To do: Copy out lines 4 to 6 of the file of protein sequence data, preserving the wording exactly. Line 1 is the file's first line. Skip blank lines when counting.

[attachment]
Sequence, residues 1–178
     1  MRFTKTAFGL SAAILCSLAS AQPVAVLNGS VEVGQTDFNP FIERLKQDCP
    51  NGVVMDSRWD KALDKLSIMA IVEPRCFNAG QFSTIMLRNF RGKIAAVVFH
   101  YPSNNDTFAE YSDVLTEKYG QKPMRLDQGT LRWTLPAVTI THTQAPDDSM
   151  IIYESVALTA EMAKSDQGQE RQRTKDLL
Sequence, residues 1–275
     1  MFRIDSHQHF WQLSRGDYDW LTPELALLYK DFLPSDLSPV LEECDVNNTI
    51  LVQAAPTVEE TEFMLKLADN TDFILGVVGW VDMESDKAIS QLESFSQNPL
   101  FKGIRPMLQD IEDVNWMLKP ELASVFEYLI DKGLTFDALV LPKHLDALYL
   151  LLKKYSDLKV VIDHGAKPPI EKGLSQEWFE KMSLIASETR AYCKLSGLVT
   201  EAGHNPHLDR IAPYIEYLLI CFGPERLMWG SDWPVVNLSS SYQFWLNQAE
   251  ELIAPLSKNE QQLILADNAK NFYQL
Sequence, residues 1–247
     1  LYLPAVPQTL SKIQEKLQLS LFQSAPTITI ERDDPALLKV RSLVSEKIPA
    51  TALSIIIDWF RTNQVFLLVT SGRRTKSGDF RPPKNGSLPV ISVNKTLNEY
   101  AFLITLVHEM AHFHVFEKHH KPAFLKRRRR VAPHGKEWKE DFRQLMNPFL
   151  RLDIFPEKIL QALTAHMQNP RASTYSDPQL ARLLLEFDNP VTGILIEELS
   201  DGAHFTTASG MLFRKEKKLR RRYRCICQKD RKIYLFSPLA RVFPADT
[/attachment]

   101  YPSNNDTFAE YSDVLTEKYG QKPMRLDQGT LRWTLPAVTI THTQAPDDSM
   151  IIYESVALTA EMAKSDQGQE RQRTKDLL
Sequence, residues 1–275